Rum is made from sugarcane, which until the 1980s was one of Hawaii’s main exports. As of 2016, Hawaii’s last sugar plantation shut down, signaling the end of an industry. The remaining fields have been repurposed, but some companies have bought land to continue farming the product for other uses than just exporting sugar itself — such as rum production. There are several distilleries that offer tours detailing the process of making rum, with tastings included, though only a few take you through the fields themselves. Kuleana Rum Works, the first distillery on the Big Island, does all that and more, even offering a larger tour that takes participants to Pololu Valley Lookout, with scenic views, and includes an authentic Hawaiian meal and cocktails at its restaurant. Beyond the Big Island, there’s Koala Rum on Kauai; Kō Hana Distillers and Island Distillers on Oahu; and Hali’imaile Distilling Company on Maui, which produces vodka, whiskey, and gin in addition to rum.

5. Sail along calm waters and possibly spot a whale or two.

Photo: Joe West/Shutterstock

For a different kind of boating experience, take a catamaran, a spacious ship with two hulls basically built for relaxation, out onto the water. Entire catamarans can be rented out for you and your group for a truly unique outing, whether it’s for a day party on the water, a cruise to see the Hawaiian landscape from a different perspective, to spot some wildlife (whale season in Hawaii is from mid-December to mid-May), or all of the above, you’re likely to experience all of these regardless. If you’re riding solo or an entire catamaran is too much, there are group catamaran tours available for booking which can be arranged through wherever you’re staying or on your own.

6. Embrace your sporty side on the water.

Photo: EpicStockMedia/Shutterstock

Hawaii wouldn’t be Hawaii without water sports, and the list of things you can do runs long: surfing, paddle boarding, tubing, canoeing, kayaking, and parasailing, among tons of others. It would almost be easier to list what you can’t do. If you’ve never done one of those particular water sports, fear not because experienced guides will be with you nearly every step of the way to ensure you have an exhilarating, yet safe, time. Booking one of these activities is as easy as walking down any beach, where you’ll see various outfitters next to gear just waiting to be rented out for the day.

7. Encounter wildlife ethically in a new way.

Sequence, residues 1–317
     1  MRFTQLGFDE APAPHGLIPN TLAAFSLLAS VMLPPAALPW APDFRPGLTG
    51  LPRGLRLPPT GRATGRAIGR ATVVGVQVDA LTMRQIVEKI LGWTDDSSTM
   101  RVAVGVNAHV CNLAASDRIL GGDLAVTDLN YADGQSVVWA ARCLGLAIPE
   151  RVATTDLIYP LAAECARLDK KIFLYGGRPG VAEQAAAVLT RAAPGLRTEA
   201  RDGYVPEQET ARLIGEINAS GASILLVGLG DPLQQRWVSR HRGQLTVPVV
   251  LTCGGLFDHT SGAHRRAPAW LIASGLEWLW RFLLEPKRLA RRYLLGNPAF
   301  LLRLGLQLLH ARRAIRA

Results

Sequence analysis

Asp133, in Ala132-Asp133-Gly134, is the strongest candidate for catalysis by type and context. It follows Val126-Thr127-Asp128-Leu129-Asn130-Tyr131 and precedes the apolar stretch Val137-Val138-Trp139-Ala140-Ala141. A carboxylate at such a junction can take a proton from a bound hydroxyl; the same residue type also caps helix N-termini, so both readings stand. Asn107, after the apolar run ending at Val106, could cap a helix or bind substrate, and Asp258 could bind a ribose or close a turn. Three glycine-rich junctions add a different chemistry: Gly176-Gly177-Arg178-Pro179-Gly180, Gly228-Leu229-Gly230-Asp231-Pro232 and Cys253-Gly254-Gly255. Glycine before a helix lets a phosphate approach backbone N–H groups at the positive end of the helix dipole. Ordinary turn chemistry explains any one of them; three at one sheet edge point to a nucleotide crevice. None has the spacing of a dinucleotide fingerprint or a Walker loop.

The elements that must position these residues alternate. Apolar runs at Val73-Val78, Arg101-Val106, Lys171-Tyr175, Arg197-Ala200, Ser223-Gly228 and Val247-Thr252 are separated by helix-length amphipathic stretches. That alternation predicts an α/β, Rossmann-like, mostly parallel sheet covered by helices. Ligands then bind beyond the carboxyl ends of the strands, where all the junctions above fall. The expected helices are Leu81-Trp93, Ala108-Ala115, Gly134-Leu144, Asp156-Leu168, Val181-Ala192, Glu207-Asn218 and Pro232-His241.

Photo: Dai Mar Tamarack/Shutterstock

With such a big world filled with so many different forms of life on it, it makes sense that people would want to interact with all that our planet has to offer. Unfortunately, the reality is that many of the various wildlife experiences offered around the world are unethical, treating the animals inhumanely for the sake of a profit. However, the silver lining is that not every experience is like that, and there are ways to interact with animals without negatively impacting their well-being.

On Hawaii’s Big Island, in particular, several outfitters provide unique opportunities to observe manta rays in their natural habitat at night, without disturbance. Manta Ray Advocates, a company dedicated to educating the public about manta rays, can assist with finding a reputable company to work with on the island of your choosing. You’ll either swim out to a point where the manta rays are known to feed, or take a small boat out first and then get out to either snorkel or dive and just observe. Manta rays are harmless, feeding on tiny organisms like plankton, so there’s nothing to fear — though they can swim up close to a person out of curiosity, they typically move away just as quickly as they came. No matter which island you choose, you can be certain there is an ethical wildlife experience you can book that isn’t riding dolphins.

8. Give back to the community.

Giving back to the local community is something we should practice no matter where we are, because too often do we take for granted the places in the world we visit. We should leave these places better than we found them, and similar to a drop in the ocean creating a ripple effect of waves, every bit counts, no matter how small your part seems.

Giving back has many forms, from patronizing local businesses to assisting research centers, and everything in between. Besides being wellness-centric, the Westin hotel brand is one of the few that gives you opportunities to do so with a unique twist. The hotel chain recently debuted its Westin Waterman (and Woman) program at its Westin Maui Resort and Spa outpost, first led by Maui-born Zane Kekoa Schweitzer and now run by other locals as well, where participants will do their part by cleaning up Hawaii’s beaches after they’ve spent time on the water. In keeping with the Hawaiian culture of respecting the ocean, all water activities, such as canoeing, kayaking, and paddle boarding, are conducted with that in mind.

What did you think of this article?
Meh
Good
Awesome